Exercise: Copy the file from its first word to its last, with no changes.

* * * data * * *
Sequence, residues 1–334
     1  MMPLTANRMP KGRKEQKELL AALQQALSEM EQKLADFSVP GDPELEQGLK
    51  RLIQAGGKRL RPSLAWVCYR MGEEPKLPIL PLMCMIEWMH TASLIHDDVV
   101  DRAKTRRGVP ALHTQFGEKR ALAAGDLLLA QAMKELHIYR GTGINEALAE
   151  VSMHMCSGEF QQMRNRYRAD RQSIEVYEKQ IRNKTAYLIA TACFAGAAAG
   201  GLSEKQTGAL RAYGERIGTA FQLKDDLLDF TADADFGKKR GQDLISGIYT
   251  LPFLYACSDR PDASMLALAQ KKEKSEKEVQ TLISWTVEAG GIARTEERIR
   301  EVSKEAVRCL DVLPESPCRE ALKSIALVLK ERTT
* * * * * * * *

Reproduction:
Sequence, residues 1–334
     1  MMPLTANRMP KGRKEQKELL AALQQALSEM EQKLADFSVP GDPELEQGLK
    51  RLIQAGGKRL RPSLAWVCYR MGEEPKLPIL PLMCMIEWMH TASLIHDDVV
   101  DRAKTRRGVP ALHTQFGEKR ALAAGDLLLA QAMKELHIYR GTGINEALAE
   151  VSMHMCSGEF QQMRNRYRAD RQSIEVYEKQ IRNKTAYLIA TACFAGAAAG
   201  GLSEKQTGAL RAYGERIGTA FQLKDDLLDF TADADFGKKR GQDLISGIYT
   251  LPFLYACSDR PDASMLALAQ KKEKSEKEVQ TLISWTVEAG GIARTEERIR
   301  EVSKEAVRCL DVLPESPCRE ALKSIALVLK ERTT